First-principles study of metal-induced gap states in metal-oxide interfaces and their relation with the complex band structureReport as inadecuate



 First-principles study of metal-induced gap states in metal-oxide interfaces and their relation with the complex band structure


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At metal-insulator interfaces, the metallic wave functions with an energy eigenvalue within the band gap decay exponentially inside the insulator, creating a continuum of metal-induced gap states (MIGS). Despite being a genuine interface property, the features of MIGS have been typically discussed in terms of bulk Bloch functions of the insulator with an associated complex wave vector. We have developed a model to compare the energy-dependent decay factors obtained from the first-principles complex band structure of a bulk insulator (PbTiO3) and those coming from simulations of realistic capacitors, including explicitly the interface with the electrodes (Pt and SrRuO3). The agreement is very good, especially for the noble metal-based capacitor. For metal oxide electrodes, symmetry filtering arguments are required to understand the fine details. The ferroelectric polarization within the insulator layer tends to increase the effective decay factor, implying MIGS with shorter penetration lengths. These results are important in the design of giant tunnelling electroresistance and magnetoresistance devices with metal-oxide junctions.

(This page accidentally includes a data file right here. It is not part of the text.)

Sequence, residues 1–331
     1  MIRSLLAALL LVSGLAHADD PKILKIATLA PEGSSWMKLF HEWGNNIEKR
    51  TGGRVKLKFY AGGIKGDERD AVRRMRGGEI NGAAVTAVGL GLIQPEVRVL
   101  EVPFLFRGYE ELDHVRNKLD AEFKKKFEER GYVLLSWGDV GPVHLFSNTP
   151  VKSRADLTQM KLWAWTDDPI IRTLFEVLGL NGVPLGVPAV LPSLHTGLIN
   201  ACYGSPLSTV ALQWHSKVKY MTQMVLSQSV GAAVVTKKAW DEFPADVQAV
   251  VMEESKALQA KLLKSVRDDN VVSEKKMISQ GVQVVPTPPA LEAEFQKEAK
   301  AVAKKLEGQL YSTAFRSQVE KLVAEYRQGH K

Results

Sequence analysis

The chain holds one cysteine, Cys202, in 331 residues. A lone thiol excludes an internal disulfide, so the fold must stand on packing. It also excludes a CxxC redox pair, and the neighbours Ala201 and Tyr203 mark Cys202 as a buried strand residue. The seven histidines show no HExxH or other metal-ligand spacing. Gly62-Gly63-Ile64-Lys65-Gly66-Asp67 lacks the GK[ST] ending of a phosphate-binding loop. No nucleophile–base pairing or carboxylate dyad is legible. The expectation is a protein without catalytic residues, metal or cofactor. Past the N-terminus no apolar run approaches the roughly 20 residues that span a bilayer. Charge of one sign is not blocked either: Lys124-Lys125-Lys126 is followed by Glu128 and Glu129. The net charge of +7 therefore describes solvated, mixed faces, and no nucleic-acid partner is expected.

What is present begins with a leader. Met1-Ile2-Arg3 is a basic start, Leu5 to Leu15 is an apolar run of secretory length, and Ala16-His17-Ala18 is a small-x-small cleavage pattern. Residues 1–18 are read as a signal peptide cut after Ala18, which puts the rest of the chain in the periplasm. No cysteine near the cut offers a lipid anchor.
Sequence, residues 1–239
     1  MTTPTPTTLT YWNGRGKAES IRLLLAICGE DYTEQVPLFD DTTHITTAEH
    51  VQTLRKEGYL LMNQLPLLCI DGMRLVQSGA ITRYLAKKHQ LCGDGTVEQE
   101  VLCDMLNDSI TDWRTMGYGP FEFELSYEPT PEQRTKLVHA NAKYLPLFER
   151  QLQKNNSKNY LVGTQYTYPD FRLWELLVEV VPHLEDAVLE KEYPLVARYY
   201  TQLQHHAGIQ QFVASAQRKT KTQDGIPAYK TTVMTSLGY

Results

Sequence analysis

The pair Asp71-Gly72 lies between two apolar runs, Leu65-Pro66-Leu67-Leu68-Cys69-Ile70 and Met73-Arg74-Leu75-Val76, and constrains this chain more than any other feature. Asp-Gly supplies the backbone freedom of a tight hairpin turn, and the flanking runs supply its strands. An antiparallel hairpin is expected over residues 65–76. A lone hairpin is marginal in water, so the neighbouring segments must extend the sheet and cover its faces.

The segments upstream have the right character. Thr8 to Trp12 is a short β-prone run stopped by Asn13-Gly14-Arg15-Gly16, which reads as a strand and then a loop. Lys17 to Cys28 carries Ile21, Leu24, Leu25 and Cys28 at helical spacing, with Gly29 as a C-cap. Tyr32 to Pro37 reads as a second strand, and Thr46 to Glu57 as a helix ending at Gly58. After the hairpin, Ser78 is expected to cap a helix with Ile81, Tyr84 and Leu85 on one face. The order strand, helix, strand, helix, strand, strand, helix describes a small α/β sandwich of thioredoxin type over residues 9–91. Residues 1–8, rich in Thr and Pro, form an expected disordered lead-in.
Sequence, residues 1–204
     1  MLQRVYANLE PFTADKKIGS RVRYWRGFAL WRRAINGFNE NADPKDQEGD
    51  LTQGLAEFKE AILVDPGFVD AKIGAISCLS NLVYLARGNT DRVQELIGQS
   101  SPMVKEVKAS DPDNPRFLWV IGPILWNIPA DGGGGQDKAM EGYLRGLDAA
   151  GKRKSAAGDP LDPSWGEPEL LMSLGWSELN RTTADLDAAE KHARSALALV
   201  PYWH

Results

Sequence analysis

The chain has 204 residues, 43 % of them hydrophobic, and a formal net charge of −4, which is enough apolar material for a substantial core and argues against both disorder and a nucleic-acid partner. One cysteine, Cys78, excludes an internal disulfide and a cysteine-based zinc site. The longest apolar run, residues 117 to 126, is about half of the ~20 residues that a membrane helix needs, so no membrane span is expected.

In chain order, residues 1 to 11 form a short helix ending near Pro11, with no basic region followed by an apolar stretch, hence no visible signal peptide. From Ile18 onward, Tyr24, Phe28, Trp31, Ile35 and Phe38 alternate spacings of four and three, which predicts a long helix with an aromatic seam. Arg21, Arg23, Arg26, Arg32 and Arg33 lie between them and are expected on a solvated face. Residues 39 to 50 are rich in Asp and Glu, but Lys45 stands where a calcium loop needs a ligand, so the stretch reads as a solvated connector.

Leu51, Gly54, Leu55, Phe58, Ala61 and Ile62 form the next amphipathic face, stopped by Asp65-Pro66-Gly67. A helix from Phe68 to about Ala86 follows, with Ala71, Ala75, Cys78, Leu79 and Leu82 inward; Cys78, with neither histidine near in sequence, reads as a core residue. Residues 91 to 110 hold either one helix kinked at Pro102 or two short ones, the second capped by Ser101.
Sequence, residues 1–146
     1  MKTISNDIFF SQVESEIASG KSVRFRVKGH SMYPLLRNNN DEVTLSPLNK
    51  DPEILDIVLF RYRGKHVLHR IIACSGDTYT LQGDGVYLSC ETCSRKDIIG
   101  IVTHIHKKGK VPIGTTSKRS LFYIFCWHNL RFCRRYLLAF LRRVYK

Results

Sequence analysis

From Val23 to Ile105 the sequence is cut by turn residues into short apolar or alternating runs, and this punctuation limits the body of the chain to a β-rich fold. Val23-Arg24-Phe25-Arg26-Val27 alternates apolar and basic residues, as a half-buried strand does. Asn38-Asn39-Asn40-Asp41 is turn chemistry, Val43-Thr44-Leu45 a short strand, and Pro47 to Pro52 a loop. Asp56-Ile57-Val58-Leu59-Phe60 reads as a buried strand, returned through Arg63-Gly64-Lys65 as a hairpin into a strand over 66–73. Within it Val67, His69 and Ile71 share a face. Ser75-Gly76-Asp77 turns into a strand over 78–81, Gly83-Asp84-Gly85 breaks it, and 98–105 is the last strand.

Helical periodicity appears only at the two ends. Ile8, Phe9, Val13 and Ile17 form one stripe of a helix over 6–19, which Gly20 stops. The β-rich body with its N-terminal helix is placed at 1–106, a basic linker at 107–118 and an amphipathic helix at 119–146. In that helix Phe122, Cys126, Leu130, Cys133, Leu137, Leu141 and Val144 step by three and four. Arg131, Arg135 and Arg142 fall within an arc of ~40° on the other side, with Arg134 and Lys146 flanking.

Author: Pablo Aguado-Puente; Javier Junquera

Source: https://archive.org/



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